A Michigan dairy processor will pay $79,000 in fines to settle a federal disability discrimination lawsuit involving an employee who was allergic to rubber and plastic gloves.
The U.S. Equal Employment Opportunity Commission charged Agropur Inc. with violating federal law by failing to provide an employee with a disability a reasonable accommodation.
Eventually the employee was fired.
According to the lawsuit, the employee had severe dyshidrotic eczema, and suffered allergic reactions to rubber and plastic.
The lawsuit says the employee requested a reasonable accommodation, including the ability to wear a different type of glove on the job.
The EEOC said the company did not provide a reasonable accommodation, and instead forced her to leave work when she had flare ups.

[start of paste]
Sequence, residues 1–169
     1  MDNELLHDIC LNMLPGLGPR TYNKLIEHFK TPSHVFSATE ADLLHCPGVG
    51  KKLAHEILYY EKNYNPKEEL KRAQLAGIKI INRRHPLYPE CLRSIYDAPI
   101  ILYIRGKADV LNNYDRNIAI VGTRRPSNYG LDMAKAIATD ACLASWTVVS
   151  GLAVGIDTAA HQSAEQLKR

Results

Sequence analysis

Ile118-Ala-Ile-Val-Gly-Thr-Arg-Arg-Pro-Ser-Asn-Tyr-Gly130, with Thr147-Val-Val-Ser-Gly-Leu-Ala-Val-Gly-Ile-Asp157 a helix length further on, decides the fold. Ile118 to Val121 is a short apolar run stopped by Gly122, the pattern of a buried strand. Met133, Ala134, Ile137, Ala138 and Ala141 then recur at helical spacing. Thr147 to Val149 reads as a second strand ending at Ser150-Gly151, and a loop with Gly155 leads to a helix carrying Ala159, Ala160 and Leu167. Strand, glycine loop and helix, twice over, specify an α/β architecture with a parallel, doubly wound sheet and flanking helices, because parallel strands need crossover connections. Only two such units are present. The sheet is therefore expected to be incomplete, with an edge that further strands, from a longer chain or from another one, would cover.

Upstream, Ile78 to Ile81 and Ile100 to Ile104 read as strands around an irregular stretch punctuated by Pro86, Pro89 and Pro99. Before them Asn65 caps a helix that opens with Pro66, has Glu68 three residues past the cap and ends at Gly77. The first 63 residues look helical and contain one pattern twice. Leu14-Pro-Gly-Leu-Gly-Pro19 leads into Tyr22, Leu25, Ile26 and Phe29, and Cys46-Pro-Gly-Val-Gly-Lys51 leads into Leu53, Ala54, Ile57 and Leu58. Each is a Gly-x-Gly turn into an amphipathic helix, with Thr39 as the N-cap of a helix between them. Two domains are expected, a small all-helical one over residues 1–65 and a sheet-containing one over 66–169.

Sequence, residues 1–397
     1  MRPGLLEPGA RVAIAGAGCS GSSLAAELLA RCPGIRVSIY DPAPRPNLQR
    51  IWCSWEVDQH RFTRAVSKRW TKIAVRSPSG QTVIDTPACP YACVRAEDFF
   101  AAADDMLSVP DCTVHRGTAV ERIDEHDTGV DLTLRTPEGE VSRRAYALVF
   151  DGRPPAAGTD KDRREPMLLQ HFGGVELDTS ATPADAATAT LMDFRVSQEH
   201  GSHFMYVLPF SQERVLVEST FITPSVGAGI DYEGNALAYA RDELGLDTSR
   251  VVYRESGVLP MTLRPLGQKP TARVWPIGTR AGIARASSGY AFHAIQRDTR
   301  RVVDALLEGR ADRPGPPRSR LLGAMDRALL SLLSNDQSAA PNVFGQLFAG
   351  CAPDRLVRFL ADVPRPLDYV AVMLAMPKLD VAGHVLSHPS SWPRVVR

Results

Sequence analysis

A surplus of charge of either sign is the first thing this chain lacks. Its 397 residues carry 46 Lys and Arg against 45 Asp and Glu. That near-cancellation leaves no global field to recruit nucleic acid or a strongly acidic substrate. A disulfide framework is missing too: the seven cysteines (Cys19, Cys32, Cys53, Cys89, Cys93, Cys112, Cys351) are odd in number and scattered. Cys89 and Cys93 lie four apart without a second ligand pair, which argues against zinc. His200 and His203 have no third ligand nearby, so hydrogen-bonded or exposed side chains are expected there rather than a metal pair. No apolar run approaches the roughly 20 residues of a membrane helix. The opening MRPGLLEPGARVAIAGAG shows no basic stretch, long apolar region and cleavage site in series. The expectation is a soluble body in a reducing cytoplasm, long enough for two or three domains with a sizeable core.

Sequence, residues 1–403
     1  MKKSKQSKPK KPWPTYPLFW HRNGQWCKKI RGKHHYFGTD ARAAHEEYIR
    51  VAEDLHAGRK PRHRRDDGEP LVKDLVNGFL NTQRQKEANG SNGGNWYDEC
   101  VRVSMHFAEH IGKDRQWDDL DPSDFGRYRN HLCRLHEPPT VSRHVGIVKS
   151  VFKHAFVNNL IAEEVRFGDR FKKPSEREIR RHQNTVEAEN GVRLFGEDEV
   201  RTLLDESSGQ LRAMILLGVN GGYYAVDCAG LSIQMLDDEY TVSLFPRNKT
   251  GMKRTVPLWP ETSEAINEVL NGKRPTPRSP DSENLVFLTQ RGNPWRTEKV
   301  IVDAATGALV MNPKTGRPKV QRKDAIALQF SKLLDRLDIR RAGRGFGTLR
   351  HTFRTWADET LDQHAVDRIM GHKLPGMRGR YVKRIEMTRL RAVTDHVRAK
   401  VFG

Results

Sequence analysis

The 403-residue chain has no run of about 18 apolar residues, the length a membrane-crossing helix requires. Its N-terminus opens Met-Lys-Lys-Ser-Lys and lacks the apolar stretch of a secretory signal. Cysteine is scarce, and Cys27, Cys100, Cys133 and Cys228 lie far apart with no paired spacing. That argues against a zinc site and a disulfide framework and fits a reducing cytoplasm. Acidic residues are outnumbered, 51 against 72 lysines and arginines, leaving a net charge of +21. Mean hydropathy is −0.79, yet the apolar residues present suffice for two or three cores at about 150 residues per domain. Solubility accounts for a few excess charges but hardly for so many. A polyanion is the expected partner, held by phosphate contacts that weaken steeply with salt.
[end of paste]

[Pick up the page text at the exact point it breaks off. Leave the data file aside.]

The EEOC said the company eventually fired her for missing too much time.
The company and the EEOC reached a settlement in district court in April.
As part of the agreement, Agropur must pay $79,000, as well as injunctive relief, ADA training, and compliance-related reporting to the EEOC.
“Adhering to an inflexible no-fault attendance policy may violate the ADA,” EEOC trial attorney Nedra Campbell said.
“Employers should determine whether an employee who needs leave because of a medical condition is entitled to an accommodation under the ADA.”